At least 20 killed by Myanmar forces in Ayeyarwady delta, media reports

Protesters in Yangon on June 3, 2021. Anti-junta protests take place daily in many parts of Myanmar.
Protesters in Yangon on June 3, 2021. Anti-junta protests take place daily in many parts of Myanmar.PHOTO: REUTERS

YANGON (REUTERS) - At least20 people were killed by Myanmar's security forces in the Ayeyarwady river delta region on Saturday (June 5) after villagers armed with catapults and crossbows fought back against troops searching for weapons, local media and residents said.

That would make it the heaviest civilian death toll in nearly two months.

Some 845 people had previously been killed by the army and police since the Feb 1 coup, according to an activist group. The junta has disputed that figure. 

Reuters was unable to reach a junta spokesman on Saturday for comment on the violence at Hlayswe village in Kyonpyaw township in the Ayeyarwady Region. Reuters could not independently verify the reports. 

The army has struggled to impose control since it returned to power on Feb 1, overthrowing elected leader Aug San Suu Kyi after a decade of democratic reforms had opened up the once isolated South-east Asian state.

Clashes broke out before dawn on Saturday at Hlayswe, some 150km north-west of the main city of Yangon, when soldiers said they had come to search for weapons, at least four local media outlets and a resident said. 

"The people in the village only have crossbows and there are a lot of casualties on the people’s side," said the resident, who asked not to be identified for fear of retribution. 

Khit Thit Media and the Delta News Agency said 20 civilians had been killed and more wounded.

They said villagers had tried to fight back with catapults after soldiers assaulted villagers in what they said was a search for arms.

It was some of the worst violence since the coup in the Ayeyarwady region, an important rice growing area that has large populations of both the Bamar majority ethnic group, from which much of the army is drawn, and the Karen minority. 

Saturday’s civilian death toll appeared to be the highest since more than 80 people were reported killed in the town of Bago in early April.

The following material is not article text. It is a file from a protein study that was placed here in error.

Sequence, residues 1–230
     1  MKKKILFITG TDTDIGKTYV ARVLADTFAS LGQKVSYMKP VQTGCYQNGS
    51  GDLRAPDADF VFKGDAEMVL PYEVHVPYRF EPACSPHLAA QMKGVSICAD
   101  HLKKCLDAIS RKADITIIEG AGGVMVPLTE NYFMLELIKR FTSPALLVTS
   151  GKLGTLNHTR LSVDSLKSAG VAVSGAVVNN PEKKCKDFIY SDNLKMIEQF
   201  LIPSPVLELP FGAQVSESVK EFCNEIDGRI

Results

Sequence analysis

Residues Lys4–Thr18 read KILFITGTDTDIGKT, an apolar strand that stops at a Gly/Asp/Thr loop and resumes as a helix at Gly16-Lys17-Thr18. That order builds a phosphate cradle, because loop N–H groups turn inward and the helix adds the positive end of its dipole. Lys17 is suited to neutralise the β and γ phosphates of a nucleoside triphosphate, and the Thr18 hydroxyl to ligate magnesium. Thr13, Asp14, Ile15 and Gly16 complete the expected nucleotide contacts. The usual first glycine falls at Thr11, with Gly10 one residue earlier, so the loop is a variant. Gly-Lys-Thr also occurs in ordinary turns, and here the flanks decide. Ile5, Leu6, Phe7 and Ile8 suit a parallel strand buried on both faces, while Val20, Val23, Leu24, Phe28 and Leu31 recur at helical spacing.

Since the coup, conflicts have flared in the borderlands where some two dozen ethnic armies have been waging insurgencies for decades. The junta has also been faced by daily protests and paralysing strikes.

The anti-junta Shwegu People's Defence Force said it had attacked a police station in northern Shwegu late on Friday together with the Kachin Independence Army (KIA), one of around two dozen ethnic armies and which has been fighting for decades.

Reuters was unable to reach the KIA for comment.

In eastern Myanmar, the Mobye People's Defence Force said it had clashed with the army on Friday afternoon.

It said four "terrorist soldiers" had been killed.

Despite the turmoil, Myanmar's army has shown little sign of heeding calls from its opponents to restore democracy.

This week, the junta received its first high-profile foreign visitors - the head of the International Committee of the Red Cross and envoys from Asean.

Junta leader Min Aung Hlaing met on Friday with Asean secretary-general Lim Jock Hoi and Dato Erywan Pehin Yusof, Second Minister for Foreign Affairs for Asean chair Brunei, the army-run Myawaddy TV reported.

At least 845 people have been killed by security forces and more than 4,500 have been jailed so far, according to an activist group.

The junta disputes those figures.

The Special Advisory Council for Myanmar, a group of independent international experts, said it was crucial that the Asean envoys also meet protest leaders, members of a parallel opposition government, elected lawmakers and Ms Suu Kyi's party.

"Failure to meet with all relevant parties risks lending legitimacy to the junta and undermines the enormous effort and sacrifice made by the people of Myanmar to resist the junta's violent and unlawful attempt to seize power," it added.